Calcium is an important part of every healthy diet. It plays an essential role in bone density, muscle contraction, nerve function, blood pressure stability, and healing.  Today, a large percentage of people look to dairy as their primary source of calcium to meet their daily needs. Are there other and perhaps better options for those who are seeking non-dairy sources of calcium? Is it possible to meet your daily needs without dairy? Let’s explore the answers to these important questions. 

Currently, the RDA for calcium ranges from 800mg to 1200mg per day depending on age and sex. If dairy is the standard for calcium, one cup of milk, for example, contains 300mg of calcium. Now, compare this to some whole food sources of calcium per serving based on USDA research:

•       tofu 350mg
•       tapioca 300mg
•       Chia seeds 300mg (1.5 ounces)
•       collard greens 210mg
•       kale 205mg
•       cooked bok choy 190mg
•       figs 135mg (5 whole)
•       white beans 120mg
•       cooked turnip greens 104mg
•       cooked spinach 99mg
•       almonds 93mg
•       sesame seeds 51mg (1 tablespoon)
•       dried herbs 21mg (1gram)

This is just a short list of a large number of plant-based whole foods that contain calcium. Perusing the list, it is easy to see that consuming a predominantly plant-based diet of whole foods would easily meet the RDA guidelines for daily calcium intake.

Consuming more calcium is not the only answer to build stronger bones, however. A Yale study analyzed 34 published studies from 16 countries and found that the countries that consumed the highest levels of dairy and animal-based products had the highest levels of osteoporosis. Additionally, they found that South Africans’ daily calcium intake was 196mg and yet they were nine times less likely to suffer hip fractures than their American counterparts.1  This study highlights the fact that other factors (i.e. high sugar, protein intakes, medications, sedentary lifestyle) and the all-important aspects of calcium metabolism including absorption, assimilation, and excretion, work in concert to maintain strong bones and a healthy body. Consuming more calcium does not directly correlate with stronger bones and may in fact be harmful. 

Once calcium enters your mouth it begins a journey that may or may not lead to your bones. Reaching the stomach, calcium begins to be absorbed into the blood stream aided by stomach acid. But not all of the calcium in food is absorbed. When one cup of milk is consumed, approximately 32% of the calcium is absorbed.  Compare this to the calcium absorption from leafy green vegetables, such as bok choy, that produce a 40-70% absorption rate.2 Applying a little math we see that approximately 96 mg of calcium is absorbed from one cup of milk compared to 132 mg of calcium from one cup of bok choy. Almonds follow closely behind milk at 21% and beans average a 17% absorption rate. Spinach, because of higher oxalate levels, trails the group at 5%. Vitamin D is also a critical component in calcium absorption and levels should be checked and corrected to normal if necessary.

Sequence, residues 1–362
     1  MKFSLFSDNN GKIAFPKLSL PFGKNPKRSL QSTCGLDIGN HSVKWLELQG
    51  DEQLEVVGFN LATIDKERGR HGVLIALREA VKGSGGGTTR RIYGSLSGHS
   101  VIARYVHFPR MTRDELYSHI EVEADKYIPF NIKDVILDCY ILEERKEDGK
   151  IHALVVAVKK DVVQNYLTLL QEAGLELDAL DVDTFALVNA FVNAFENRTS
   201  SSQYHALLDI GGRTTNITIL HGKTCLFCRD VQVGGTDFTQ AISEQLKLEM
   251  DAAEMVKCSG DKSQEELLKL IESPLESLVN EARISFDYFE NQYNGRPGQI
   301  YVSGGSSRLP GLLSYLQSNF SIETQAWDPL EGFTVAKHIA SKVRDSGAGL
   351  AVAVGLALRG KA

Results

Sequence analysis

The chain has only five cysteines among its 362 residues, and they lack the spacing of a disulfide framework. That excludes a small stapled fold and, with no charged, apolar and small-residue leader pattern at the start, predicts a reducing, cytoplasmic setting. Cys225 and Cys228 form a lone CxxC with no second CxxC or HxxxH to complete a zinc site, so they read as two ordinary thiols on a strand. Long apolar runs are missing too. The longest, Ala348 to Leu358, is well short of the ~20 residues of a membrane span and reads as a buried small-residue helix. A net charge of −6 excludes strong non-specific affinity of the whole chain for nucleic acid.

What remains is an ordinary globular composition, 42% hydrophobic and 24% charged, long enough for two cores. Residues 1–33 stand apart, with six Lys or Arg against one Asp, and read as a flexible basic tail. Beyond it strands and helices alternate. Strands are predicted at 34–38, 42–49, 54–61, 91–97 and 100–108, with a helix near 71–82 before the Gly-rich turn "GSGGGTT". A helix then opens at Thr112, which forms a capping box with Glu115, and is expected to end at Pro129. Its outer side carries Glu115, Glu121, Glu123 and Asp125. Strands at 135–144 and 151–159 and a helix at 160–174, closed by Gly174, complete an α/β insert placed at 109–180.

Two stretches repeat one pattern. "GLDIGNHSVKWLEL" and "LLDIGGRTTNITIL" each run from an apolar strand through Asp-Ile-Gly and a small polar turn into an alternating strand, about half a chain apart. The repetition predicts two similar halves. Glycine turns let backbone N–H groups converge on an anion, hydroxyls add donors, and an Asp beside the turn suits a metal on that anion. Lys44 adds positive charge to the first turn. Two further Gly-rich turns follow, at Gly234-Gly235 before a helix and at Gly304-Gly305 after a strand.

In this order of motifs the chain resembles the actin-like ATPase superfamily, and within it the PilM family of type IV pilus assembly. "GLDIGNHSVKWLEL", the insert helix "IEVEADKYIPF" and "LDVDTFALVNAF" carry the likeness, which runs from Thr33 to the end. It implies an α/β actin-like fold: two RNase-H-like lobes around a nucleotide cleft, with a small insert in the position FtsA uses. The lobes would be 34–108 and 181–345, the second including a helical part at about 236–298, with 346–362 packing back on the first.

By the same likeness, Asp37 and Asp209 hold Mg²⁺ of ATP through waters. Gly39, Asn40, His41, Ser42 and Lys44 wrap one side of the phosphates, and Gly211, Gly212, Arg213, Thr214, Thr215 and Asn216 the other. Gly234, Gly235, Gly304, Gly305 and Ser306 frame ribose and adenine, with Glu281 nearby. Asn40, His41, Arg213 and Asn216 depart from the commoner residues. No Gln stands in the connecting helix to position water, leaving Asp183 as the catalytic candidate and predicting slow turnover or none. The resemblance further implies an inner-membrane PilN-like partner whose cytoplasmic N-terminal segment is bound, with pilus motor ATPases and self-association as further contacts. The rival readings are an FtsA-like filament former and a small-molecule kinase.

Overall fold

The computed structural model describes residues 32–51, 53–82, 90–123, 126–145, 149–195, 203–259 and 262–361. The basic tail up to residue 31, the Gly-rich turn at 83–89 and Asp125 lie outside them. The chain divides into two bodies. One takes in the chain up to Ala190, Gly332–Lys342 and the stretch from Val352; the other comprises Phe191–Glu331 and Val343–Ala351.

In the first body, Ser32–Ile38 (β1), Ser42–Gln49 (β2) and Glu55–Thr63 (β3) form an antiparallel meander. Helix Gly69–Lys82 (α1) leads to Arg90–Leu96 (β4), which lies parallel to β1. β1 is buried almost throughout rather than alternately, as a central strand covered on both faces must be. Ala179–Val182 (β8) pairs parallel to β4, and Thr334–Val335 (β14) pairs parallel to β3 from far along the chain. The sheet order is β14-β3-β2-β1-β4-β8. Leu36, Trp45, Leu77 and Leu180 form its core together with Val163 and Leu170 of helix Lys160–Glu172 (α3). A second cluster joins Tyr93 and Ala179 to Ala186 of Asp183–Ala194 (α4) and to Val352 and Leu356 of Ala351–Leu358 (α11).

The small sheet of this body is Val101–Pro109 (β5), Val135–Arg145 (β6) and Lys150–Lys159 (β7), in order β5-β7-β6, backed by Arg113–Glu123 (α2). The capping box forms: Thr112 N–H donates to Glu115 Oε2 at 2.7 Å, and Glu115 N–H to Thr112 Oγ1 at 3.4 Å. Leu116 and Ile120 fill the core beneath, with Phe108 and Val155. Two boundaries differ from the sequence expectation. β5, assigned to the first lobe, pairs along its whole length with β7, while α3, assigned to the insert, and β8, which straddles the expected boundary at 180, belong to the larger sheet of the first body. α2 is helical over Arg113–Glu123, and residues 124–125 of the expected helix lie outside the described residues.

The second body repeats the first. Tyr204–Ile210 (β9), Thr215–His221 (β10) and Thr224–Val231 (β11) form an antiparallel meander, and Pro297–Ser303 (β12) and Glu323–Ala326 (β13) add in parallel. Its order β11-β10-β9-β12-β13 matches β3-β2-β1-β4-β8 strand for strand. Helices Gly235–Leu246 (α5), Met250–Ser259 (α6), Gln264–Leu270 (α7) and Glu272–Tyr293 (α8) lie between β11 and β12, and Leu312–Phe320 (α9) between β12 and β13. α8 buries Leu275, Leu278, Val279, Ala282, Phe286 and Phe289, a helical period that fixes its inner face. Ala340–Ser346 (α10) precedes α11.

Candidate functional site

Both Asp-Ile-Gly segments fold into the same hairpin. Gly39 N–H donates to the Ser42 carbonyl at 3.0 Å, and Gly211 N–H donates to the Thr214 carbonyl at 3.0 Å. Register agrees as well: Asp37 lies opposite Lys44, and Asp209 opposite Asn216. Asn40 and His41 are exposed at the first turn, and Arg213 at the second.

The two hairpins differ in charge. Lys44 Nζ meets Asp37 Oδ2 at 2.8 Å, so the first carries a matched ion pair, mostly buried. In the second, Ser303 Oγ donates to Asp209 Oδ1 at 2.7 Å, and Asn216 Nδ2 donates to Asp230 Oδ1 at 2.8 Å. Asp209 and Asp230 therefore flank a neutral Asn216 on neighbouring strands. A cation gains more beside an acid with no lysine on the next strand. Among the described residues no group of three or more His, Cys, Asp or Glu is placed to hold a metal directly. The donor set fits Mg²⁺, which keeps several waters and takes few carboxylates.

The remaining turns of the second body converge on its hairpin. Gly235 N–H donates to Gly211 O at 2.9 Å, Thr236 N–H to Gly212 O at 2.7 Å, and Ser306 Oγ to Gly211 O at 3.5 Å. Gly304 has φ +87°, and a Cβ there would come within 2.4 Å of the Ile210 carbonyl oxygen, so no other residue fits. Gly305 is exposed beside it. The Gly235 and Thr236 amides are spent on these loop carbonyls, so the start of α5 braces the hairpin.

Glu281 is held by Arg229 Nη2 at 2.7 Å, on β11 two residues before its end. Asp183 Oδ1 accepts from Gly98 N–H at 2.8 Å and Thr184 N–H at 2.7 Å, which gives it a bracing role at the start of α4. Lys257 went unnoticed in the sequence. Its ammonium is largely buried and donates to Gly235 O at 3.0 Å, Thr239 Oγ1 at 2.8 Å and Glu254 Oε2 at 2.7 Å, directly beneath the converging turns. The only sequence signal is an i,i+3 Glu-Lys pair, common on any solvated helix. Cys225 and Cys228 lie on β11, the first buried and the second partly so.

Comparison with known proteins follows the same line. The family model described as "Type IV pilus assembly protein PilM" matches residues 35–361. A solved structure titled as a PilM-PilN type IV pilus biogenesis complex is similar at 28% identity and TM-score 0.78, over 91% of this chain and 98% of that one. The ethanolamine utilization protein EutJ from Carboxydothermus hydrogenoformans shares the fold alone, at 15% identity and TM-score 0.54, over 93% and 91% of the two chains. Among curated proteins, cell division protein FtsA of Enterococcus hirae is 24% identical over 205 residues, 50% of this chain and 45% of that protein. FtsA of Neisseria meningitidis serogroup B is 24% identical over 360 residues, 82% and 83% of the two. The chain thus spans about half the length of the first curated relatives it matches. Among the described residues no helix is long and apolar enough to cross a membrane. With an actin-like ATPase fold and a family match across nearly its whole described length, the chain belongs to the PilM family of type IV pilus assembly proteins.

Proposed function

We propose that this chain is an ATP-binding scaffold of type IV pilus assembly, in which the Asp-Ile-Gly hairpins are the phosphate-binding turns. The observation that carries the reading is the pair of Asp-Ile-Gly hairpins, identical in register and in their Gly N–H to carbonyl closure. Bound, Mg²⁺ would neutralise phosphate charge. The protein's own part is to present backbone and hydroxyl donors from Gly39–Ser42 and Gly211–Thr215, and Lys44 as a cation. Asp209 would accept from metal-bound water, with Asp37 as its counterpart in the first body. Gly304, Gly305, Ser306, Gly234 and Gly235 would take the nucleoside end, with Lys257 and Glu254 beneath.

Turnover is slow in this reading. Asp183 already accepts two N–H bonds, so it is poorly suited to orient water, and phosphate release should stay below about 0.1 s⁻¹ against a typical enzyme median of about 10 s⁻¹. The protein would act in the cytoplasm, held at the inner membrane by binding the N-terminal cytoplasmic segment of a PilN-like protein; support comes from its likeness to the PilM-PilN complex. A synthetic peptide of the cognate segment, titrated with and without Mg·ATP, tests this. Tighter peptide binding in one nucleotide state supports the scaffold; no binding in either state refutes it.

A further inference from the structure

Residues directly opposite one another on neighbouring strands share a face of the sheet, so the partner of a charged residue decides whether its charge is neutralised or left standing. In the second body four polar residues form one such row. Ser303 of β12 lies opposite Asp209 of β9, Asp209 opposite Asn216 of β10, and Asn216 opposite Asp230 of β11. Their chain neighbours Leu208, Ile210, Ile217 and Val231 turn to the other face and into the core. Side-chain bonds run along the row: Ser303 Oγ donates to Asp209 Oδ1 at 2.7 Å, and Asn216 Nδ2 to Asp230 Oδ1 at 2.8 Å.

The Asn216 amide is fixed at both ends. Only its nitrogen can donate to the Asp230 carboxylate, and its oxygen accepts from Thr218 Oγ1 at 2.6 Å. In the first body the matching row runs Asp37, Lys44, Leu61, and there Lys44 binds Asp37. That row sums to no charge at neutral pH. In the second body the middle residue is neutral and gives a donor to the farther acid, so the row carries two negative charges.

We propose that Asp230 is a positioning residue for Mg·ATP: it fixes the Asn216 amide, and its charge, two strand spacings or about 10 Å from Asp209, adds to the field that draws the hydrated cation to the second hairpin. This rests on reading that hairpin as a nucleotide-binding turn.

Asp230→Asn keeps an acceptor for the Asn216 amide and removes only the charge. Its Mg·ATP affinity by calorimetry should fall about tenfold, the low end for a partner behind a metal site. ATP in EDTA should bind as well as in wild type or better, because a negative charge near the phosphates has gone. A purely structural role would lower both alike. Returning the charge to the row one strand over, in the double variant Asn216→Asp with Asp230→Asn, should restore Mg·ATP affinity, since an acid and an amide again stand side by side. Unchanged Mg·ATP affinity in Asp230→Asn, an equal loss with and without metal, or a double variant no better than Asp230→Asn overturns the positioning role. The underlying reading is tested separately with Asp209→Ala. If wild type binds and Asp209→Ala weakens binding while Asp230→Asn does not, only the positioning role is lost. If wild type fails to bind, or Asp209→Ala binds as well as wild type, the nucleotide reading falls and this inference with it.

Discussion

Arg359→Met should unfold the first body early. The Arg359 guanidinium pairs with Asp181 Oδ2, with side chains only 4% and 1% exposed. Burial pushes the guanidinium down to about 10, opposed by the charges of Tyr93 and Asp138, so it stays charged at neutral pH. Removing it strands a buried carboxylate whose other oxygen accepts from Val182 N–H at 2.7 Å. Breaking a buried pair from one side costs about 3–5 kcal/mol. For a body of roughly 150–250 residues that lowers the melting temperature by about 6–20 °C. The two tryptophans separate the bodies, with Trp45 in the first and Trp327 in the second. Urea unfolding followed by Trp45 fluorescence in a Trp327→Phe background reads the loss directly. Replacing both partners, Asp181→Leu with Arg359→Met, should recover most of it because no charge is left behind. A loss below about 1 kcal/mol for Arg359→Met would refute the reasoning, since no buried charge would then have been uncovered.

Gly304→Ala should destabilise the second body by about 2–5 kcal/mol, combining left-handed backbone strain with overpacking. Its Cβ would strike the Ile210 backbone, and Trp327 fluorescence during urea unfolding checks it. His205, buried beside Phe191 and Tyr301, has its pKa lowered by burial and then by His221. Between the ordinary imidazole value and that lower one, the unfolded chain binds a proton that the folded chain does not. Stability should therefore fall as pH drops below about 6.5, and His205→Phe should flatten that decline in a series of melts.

One of the most important additional benefits of whole food sources of calcium is that they supply minerals and micronutrients that aid in the assimilation of calcium into the bones. Minerals such as manganese, boron, zinc, copper, strontium and magnesium are found in these whole foods and are critical components of calcium metabolism and bone health. Without these micronutrients, calcium assimilation into bone is limited. Eating a variety of these non-dairy sources of calcium helps to ensure an adequate supply of these vital minerals. 

The final aspect of calcium metabolism that has been largely ignored is the excretion or loss of calcium that occur on a daily basis. Excessive dietary protein and sodium can increase calcium losses in the urine.3 Medications such as antacid medications containing aluminum have also been shown to increase calcium excretion. Consuming the average American diet, and meeting calcium goals, may leave you with an inadequate calcium balance due to losses from excessive protein and sodium intakes.

Whole foods are packed with calcium and a wide variety of minerals that help promote a healthy body and bones. Consider adding some of these non-dairy foods to your diet today and watch your health and bones improve:
•       legumes and other beans to add a healthy dose of calcium to a chili or stew
•       tofu, figs, kale and other greens added to soups or salads
•       broccoli
•       ¼ cup of seaweed
•       1 ounce of almonds or sunflower seeds sprinkled on a salad
•       almond butter
•       sesame seeds
•       salmon
•       carrot juice
•       hummus
•       quinoa

1.     Heaney RP, Weaver CM. Calcium absorption from kale. Am J Clin Nutr 1990; 51:656- 657
2.     Abelow B, Holford T, Insogna K.  Cross-cultural association between dietary animal protein and hip fracture: A hypothesis   Calcified Tissue International 1992 Volume 50, Number 1, 14-18
3.     Sellmeyer DE, Stone KL, Sebastian A, et al. A high ratio of dietary animal to vegetable protein increases the rate of bone loss and the risk of fracture in postmenopausal women. Am J Clin Nutr 2001;73:118-22.